Results
The incidence according to age was highest in the 20–25-year-old group (244.52 infections/100,000). Mean ages of infected males and females were 31.0 years and 45.3 years with incidences 7.8 infections/100,000 and 7.1 infections/100,000 after estimation. The mean month for infection was mid-July with incidence 10.4 infections/100,000. The best-fit model showed that there was a spatial and temporal correlation in the malarial transmission. Incidence was very low or negligible in areas distant from the demilitarized zone between Republic of Korea and Democratic People’s Republic of Korea (North Korea) if the 20–29-year-old male group was omitted in the diseases map.
Conclusion
Malarial transmission in a region in Korea was influenced by the incidence in adjacent regions in recent years. Since malaria in Korea mainly originates from mosquitoes from North Korea, there will be continuous decrease if there is no further outbreak in North Korea.
Surveillance and Vector Control of Lymphatic Filariasis in the Republic of Korea
Shin Hyeong Cho, Da Won Ma, Bo Ra Koo, Hee Eun Shin, Wook Kyo Lee, Byong Suk Jeong, Chaeshin Chu, Won Ja Lee, Hyeng Il Cheun
Osong Public Health Res Perspect. 2012;3(3):145-150.   Published online June 30, 2012
DOI: https://doi.org/10.1016/j.phrp.2012.07.008
  • 1,493 View
  • 12 Download
  • 6 Citations
AbstractAbstract PDF
Objectives
Until the early 2000s, lymphatic filariasis would commonly break out in the coastal areas in Korea. Through steady efforts combining investigation and treatment, filariasis was officially declared eradicated in 2008. This study surveyed the density of vector species of filariasis in past endemic areas, and inspected filariasis DNA from collected mosquitoes for protection against the reemergence of filariasis.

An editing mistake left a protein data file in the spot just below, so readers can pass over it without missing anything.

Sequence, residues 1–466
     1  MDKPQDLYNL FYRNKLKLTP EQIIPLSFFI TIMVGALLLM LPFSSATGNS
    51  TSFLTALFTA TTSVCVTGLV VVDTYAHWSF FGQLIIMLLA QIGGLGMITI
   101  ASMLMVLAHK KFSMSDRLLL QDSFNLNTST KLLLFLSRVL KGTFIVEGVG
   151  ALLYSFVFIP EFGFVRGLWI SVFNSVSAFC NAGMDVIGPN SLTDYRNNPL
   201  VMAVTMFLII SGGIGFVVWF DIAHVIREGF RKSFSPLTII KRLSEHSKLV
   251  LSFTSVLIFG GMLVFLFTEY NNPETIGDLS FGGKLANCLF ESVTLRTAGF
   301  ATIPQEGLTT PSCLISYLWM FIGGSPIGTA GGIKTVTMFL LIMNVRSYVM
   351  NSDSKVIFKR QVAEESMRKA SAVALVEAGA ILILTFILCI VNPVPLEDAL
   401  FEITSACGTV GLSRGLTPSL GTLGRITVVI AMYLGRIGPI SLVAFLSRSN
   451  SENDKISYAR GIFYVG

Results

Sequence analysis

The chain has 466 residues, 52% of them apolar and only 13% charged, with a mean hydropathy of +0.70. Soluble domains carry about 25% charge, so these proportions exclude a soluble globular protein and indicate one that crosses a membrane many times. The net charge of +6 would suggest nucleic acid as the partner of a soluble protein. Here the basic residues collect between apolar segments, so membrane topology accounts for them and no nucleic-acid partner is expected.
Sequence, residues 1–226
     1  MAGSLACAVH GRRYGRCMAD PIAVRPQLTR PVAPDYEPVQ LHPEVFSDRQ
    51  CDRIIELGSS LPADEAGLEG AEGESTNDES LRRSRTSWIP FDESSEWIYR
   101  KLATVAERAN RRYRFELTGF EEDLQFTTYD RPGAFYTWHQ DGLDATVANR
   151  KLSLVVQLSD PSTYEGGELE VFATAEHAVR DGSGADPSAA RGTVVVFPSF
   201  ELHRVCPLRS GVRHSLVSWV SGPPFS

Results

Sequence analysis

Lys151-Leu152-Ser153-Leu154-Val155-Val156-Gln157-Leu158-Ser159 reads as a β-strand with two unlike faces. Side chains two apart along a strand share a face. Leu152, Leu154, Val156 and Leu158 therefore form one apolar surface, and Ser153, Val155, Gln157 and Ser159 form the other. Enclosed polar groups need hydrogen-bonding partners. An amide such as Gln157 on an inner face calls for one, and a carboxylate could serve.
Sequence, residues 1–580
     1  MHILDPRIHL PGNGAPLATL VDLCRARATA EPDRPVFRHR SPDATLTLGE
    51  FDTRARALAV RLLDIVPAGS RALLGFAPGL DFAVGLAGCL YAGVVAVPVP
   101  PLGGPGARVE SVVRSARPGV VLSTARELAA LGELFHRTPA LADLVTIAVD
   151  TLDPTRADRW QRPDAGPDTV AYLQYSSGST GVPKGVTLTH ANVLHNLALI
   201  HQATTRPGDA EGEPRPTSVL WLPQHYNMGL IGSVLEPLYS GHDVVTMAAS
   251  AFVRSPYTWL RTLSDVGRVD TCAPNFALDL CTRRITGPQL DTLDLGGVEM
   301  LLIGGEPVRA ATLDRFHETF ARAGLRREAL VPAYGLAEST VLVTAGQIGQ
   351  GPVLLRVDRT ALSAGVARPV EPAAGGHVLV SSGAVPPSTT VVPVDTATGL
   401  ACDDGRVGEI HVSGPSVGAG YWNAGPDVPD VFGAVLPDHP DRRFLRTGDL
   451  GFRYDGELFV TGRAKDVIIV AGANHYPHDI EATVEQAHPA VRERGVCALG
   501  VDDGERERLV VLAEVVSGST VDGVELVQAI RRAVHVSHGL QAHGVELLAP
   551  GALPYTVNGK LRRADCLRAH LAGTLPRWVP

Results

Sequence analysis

Methods
Between May and October 2009, mosquitoes were caught using the black night trap in past endemic coastal areas: Gyeongsangnam-do, Jeollanamdo, and Jeju-do. The collected mosquitoes were identified, and the extracted DNA from the collected vector mosquitoes was tested by polymerase chain reaction for Brugia malayi filariasis.
Results
Ochletotatus togoi, Anophel es (Hyrcanus) group and Culex pipiens were most frequently caught in Jeollanam-do (Geomun Island, Bogil Island, Heuksan Island), Jeju-do (Namone-ri, Wimi-ri). and Gyeongsangnam-do (Maemul Island). DNA of B malayi was not found in Och Togoi and An (Hyrcanus) group as main vectors of filariasis.
Conclusion
Lymphatic filariasis was not found in the vector mosquitoes collected in past endemic areas. However, considering that the proportion of vector species is quite high, there is a potential risk that filariasis could be reemerging through overseas travel or trade. Thus, there is a need to continuously monitor vector mosquitoes of lymphatic filariasis.

PHRP : Osong Public Health and Research Perspectives